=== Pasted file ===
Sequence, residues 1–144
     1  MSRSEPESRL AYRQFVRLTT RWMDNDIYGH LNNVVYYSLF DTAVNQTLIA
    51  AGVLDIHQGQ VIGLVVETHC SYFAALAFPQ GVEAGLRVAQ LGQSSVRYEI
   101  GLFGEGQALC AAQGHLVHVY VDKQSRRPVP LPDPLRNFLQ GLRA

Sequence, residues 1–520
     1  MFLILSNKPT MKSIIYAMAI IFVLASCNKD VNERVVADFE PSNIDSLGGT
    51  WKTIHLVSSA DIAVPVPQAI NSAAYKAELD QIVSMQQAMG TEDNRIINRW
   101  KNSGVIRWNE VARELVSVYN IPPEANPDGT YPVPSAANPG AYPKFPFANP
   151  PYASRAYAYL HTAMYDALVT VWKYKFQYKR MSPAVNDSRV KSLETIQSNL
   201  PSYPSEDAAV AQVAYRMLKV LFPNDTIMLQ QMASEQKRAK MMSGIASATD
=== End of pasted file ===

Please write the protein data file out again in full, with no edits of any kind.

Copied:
Sequence, residues 1–144
     1  MSRSEPESRL AYRQFVRLTT RWMDNDIYGH LNNVVYYSLF DTAVNQTLIA
    51  AGVLDIHQGQ VIGLVVETHC SYFAALAFPQ GVEAGLRVAQ LGQSSVRYEI
   101  GLFGEGQALC AAQGHLVHVY VDKQSRRPVP LPDPLRNFLQ GLRA

Sequence, residues 1–520
     1  MFLILSNKPT MKSIIYAMAI IFVLASCNKD VNERVVADFE PSNIDSLGGT
    51  WKTIHLVSSA DIAVPVPQAI NSAAYKAELD QIVSMQQAMG TEDNRIINRW
   101  KNSGVIRWNE VARELVSVYN IPPEANPDGT YPVPSAANPG AYPKFPFANP
   151  PYASRAYAYL HTAMYDALVT VWKYKFQYKR MSPAVNDSRV KSLETIQSNL
   201  PSYPSEDAAV AQVAYRMLKV LFPNDTIMLQ QMASEQKRAK MMSGIASATD